As Ellidyr charges toward the cauldron, Morgant draws his sword and commands his guards: “Slay him! Keep him from the cauldron!” Taran, Doli, and Flewddur rush out of the tent, and unarmed, Taran tries to wrestle Morgant’s sword away from him. Morgant throws Taran to the ground. Ellidyr gets stabbed in the side by one of Morgant’s guards, but manages to break free and – despite Taran shouting “No! Ellidyr! Save yourself!” – he throws himself into the cauldron.
The cauldron shudders, then cracks and shatters into pieces around Ellidyr’s lifeless body. Then, lots of things happen very quickly. King Smoit rides into the clearing, along with Gwydion, Coll, and Gwystyl, with Kaw on his shoulder. There’s a battle between Smoit’s and Morgant’s warriors, and Smoit kills Morgant. Taran bends over Ellidyr, grief-stricken, and murmurs that the black beast is now gone from him. Then Islimach, frenzied from the loss of her master, runs headlong right off the edge of a cliff. Do horses really commit suicide? I’m never certain whether all the animals in Prydain are supposed to be a little magical (like Kaw, who is clearly more intelligent than your average crow), or if this is based on actual reported animal behavior. Regardless, it’s sad.
The dust settles from the battle. Gwydion says he regrets not finding Taran sooner, and that King Smoit’s impatience saved the day, since he grew restless and came after Gwydion and Coll. He tells Taran that the destruction of the cauldron was one of the worst defeats ever for Arawn, but that he knows the price Taran paid. Taran says that Ellidyr deserves all of the honor, and Gwydion says they will raise a barrow over him along with Islimach. So, they’re going to drag the horse up from the bottom of the ravine? Or bring Ellidyr to the bottom? Either way, I’m not sure this is the best plan. Probably best not to overthink it. They’ll also build barrows for Smoit’s dead warriors, and one for Morgant. Taran is surprised that Morgant would get an honorable burial, considering what he’s done. But Gwydion believes in looking at someone’s whole track record, and says Morgant was a brave companion who saved him in battle in the past. So he’ll honor Morgant “for what he used to be, and Ellidyr Prince of Pen-Llarcau for what he became.” And do Morgant’s slain warriors get barrows too? Sounds like no? OK, then.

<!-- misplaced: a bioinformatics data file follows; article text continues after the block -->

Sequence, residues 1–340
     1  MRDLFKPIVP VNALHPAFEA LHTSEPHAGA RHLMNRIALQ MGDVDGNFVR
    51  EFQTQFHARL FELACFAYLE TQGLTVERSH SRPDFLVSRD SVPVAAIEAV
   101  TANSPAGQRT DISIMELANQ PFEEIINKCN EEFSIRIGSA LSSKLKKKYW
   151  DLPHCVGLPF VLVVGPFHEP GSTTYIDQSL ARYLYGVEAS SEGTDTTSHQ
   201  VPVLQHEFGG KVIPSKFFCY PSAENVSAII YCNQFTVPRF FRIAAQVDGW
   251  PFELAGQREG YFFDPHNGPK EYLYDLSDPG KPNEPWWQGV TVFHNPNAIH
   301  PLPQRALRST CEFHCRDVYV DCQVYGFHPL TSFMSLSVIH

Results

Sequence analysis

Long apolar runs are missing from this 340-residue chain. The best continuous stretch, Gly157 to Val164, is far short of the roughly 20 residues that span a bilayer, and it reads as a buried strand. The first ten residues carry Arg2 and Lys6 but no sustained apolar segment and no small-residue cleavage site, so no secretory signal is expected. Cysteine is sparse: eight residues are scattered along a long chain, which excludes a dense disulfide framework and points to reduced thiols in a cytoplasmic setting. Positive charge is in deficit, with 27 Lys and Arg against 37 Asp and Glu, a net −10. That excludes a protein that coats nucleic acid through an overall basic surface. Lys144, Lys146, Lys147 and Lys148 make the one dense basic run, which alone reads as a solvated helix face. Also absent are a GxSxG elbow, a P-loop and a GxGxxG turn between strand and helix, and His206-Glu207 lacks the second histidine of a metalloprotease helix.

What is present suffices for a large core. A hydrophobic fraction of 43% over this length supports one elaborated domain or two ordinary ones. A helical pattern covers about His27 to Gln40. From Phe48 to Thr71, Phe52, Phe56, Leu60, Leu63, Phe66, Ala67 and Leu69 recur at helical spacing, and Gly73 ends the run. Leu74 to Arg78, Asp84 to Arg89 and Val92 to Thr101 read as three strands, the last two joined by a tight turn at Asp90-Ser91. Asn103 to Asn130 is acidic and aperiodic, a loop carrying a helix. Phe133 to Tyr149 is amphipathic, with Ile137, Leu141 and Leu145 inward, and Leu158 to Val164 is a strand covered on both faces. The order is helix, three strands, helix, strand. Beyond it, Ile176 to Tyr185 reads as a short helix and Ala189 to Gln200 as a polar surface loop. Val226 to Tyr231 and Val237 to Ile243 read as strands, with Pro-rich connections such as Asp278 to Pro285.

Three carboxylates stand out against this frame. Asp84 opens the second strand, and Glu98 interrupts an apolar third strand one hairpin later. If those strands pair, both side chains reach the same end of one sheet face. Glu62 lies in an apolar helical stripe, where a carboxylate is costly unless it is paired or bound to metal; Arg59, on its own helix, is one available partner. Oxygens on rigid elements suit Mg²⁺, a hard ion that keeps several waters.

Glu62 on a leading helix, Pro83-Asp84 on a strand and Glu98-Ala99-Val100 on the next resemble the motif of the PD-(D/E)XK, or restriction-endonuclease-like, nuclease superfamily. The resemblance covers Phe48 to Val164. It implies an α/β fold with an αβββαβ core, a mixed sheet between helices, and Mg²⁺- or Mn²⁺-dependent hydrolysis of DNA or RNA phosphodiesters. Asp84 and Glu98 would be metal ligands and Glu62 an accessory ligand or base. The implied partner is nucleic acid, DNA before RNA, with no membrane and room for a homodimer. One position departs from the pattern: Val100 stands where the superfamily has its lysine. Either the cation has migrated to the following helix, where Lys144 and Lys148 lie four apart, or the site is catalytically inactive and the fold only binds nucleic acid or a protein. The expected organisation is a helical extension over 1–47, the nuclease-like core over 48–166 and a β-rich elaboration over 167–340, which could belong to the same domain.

Eilonwy’s been busy, first healing Gurgi and then finding Taran’s sword, which she returns to him. Taran is greeted by Fflewddur and Doli, then Coll, and then Smoit. Finally, Gwystyl comes up doing his morose act, and Taran is like, don’t try to fool me again, Gwystyl. Gwystyl says that Taran can have Kaw as a gift in thanks from the Fair Folk for helping to destroy the cauldron. Kaw says “Taran!” and Gwystyl warns not to listen to anything he says. Foreshadowing, perhaps?
They raise the barrows, and then ride into the Ystrad Valley. Gwydion is headed to King Math to give a report of what happens, and says Taran must go tell Dallben. I’m like, wouldn’t Dallben already know, from Hen Wen or just his own psychic connection to the witches via The Book of Three? Taran is philosophical, saying he couldn’t wait to enter the world of men, but now he sees how cruel and sad it can be. Gwydion says that is true, but there are “equal parts of love and joy. Think of Adaon and believe this.” He reminds Taran how awesome his friends are, that they would have each given up what was most precious to them, and Taran realizes that the brooch never really belonged to him after all, though he is grateful he had the brief chance to feel what it must be like to be a hero. Gwydion says that Taran chose to be a hero not through enchantment but through taking “the risks of a man.” He bids him farewell and calls him friend. And with that, Taran, Gurgi, and Eilonwy head home for some Caer Dallben and chill. The end!